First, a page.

New ministers: Senate clears 7 ministerial nominees

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      New ministers: Senate clears 7 ministerial nominees On June 30, 2011  ·            By BEN AGANDE, CHARLES KUMOLU, GBENGA OKE AND INALEGWU SHAIBU
    ABUJA—THE Senate, yesterday, confirmed seven of the 34 ministerial nominees presented to it by President Goodluck Jonathan. Before the confirmation proceedings began yesterday, the Senate approved 20 Special Advisers for the President.
    Three of the Special Advisers were Gen. Andrew Azazi (rtd.) National Security; Senator Joy Emodi, National Assembly; and Mr. Kingsley Kuku, Amnesty Programme. The remaining 17 approvals are to be filled in the next few days.
    Emodi commenced duty after being briefed by Presidency officials yesterday by leading the ministerial nominees to the Senate for the screening.
    The seven nominees confirmed by the Senate after an elongated sitting session that stretched from 10.00 am till 4.30 p.m. were Emeka Wogu, (Abia); Bala Mohammed, (Bauchi); Mrs Diezani Alison-Madueke (Bayelsa); Elder Godsday Orubebe (Delta); Professor Onyebuchi Chukwu (Ebonyi); Navy Captain Caleb Olubolade (Ekiti) and Professor Ruqquaya Rufai (Jigawa).
    All the nominees confirmed at the Senate session presided over by Senate President David Mark, yesterday, served in the immediate past Federal Executive Council.
    Rigorous screening
    Expectations of a rigorous screening of the nominees as promised by the Senate Leader, Senator Vicftor Ndoma-Egba, SAN, on Tuesday did not materialise, yesterday, as the Senate did not honour its promise not to allow any of the nominees to bow and go.
    Erstwhile Petroleum Minister, Mrs. Allison-Madueke spent the longest time during the Senate sessions that commenced with erstwhile Labour Minister, Wogu. Allison-Madueke explained how the government was able to curb the incidence of kerosine explosion and the reason for the onslaught against her nomination to the cabinet by some segments of the society.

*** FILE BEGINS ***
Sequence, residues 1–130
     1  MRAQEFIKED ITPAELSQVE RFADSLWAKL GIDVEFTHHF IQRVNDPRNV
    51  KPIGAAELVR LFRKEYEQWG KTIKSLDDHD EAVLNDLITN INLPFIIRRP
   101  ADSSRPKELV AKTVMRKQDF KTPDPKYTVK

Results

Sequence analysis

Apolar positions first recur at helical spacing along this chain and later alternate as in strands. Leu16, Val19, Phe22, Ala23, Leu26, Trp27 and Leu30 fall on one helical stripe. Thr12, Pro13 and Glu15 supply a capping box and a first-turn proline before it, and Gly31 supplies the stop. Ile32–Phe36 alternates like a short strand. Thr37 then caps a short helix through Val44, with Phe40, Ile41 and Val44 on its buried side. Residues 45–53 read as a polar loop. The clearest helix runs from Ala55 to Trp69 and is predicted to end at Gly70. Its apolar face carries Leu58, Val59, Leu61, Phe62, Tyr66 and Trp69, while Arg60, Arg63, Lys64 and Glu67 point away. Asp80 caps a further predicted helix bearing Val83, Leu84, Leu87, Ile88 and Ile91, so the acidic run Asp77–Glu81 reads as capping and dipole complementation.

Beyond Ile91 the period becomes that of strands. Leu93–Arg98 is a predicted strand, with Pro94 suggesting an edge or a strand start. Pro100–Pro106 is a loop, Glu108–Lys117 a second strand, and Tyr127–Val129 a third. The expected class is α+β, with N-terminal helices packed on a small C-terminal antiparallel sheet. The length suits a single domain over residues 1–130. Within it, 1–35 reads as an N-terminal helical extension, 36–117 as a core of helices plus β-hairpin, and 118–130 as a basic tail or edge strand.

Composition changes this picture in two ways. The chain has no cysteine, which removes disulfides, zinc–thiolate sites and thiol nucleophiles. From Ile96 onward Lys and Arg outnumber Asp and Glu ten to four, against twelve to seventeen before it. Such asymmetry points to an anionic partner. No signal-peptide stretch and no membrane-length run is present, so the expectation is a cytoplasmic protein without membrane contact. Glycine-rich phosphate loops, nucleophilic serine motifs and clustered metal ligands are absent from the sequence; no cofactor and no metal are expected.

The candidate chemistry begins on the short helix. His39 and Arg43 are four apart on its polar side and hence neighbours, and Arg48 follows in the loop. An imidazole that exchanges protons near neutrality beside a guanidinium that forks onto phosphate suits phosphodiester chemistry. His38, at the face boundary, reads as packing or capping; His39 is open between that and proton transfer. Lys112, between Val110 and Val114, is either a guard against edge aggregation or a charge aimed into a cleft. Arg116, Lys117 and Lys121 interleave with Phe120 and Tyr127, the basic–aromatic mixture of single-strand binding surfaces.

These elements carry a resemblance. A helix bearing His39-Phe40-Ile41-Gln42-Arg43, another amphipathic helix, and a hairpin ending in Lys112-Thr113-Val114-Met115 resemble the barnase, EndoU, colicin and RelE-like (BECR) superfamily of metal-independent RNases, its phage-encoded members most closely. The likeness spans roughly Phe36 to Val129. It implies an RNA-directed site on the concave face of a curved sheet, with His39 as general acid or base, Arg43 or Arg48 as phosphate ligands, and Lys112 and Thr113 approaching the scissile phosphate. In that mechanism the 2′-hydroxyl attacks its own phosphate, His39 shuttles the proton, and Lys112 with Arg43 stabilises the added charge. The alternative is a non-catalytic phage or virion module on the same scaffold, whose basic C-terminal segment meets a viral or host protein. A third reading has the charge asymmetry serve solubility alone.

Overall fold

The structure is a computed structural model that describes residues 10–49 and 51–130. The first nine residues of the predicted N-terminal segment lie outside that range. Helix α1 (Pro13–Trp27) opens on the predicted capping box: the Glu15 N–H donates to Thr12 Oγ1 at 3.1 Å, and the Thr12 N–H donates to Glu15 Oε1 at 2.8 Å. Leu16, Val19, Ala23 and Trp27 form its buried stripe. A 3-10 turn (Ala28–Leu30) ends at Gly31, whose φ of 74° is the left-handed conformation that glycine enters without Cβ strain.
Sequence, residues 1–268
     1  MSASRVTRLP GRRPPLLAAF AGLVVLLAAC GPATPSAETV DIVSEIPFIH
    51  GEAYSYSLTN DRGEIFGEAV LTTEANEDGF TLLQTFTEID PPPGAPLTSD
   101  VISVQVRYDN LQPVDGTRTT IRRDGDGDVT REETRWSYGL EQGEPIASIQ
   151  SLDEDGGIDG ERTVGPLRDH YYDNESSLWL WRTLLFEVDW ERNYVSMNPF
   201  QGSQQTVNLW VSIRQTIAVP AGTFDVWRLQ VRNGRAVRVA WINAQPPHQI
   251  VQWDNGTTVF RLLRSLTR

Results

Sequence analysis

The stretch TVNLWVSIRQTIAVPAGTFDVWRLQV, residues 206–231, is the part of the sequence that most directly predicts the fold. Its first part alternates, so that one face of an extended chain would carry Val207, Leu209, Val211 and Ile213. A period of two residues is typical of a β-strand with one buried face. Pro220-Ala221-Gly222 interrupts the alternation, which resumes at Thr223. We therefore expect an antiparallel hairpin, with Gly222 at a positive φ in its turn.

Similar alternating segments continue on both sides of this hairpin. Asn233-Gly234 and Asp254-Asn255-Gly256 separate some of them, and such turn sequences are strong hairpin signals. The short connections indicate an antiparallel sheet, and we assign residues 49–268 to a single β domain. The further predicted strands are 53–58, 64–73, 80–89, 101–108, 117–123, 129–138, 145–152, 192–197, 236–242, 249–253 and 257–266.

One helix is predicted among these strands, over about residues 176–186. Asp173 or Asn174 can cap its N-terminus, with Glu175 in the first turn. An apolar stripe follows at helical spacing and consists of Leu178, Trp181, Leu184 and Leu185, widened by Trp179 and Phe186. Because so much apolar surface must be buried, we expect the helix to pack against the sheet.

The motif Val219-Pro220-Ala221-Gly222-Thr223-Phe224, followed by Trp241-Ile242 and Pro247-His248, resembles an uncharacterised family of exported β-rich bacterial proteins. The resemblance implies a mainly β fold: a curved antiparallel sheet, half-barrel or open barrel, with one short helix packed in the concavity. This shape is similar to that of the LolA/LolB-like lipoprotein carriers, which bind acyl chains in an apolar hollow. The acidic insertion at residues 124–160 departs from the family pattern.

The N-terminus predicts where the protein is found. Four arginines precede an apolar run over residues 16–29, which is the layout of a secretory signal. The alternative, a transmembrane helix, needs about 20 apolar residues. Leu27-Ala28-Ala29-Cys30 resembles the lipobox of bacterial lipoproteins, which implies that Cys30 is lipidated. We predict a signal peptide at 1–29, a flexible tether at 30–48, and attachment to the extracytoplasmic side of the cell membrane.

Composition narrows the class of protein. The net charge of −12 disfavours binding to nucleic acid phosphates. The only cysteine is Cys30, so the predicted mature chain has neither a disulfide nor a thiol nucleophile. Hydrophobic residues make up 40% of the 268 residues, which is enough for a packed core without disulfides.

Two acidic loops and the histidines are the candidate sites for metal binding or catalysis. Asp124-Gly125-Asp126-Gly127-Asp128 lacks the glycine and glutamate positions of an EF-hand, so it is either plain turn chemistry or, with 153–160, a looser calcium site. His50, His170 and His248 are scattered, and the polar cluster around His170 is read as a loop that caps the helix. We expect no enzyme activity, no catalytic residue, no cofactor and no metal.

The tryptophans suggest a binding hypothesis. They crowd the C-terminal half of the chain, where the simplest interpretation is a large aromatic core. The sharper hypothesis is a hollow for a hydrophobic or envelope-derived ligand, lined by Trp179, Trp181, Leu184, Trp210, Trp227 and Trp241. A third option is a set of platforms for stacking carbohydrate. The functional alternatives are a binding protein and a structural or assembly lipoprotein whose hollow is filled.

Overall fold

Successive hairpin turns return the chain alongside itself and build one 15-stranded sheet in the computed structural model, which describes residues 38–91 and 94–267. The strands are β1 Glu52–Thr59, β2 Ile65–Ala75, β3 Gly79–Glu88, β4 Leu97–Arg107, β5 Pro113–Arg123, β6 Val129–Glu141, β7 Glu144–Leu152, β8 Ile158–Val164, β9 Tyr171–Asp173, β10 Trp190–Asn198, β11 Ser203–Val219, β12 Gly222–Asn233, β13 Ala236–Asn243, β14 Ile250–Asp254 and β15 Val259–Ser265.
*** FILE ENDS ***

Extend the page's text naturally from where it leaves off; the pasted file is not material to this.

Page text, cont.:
[img height=250 width=412][/img] MINISTERIAL NOMINEES. From the left: Emeka Wogu, Caleb Olubolade, Peter Orubebe and Christian Chukwu checking through a list as they awaited their screening at the National Assembly, Abuja, yesterday. Photo: Abayomi Adeshida Asked on his performance as minister of Labour in the past administration and his opinion on the calls for a review of the revenue sharing formula, Wogu said that the country needs a new revenue sharing formula as the existing one is no longer realistic.
    Speaking on how the minimum wage of N18,000 was obtained, Wogu, said it was a product of wide consultation between the Federal Government and other stakeholders including state governments, local governments, organized labour and employers of labour.
    He said: “The minimum wage was as a result of painstaking consultation with state governors, local governments, organized labour and other stakeholders. It is coming ten years after the last minimum wage was arrived at. A lot of issues were taken into consideration including the availability of funds and how realistic it is for states to pay. All these issues informed the choice of N18,000 as minimum wage.â€

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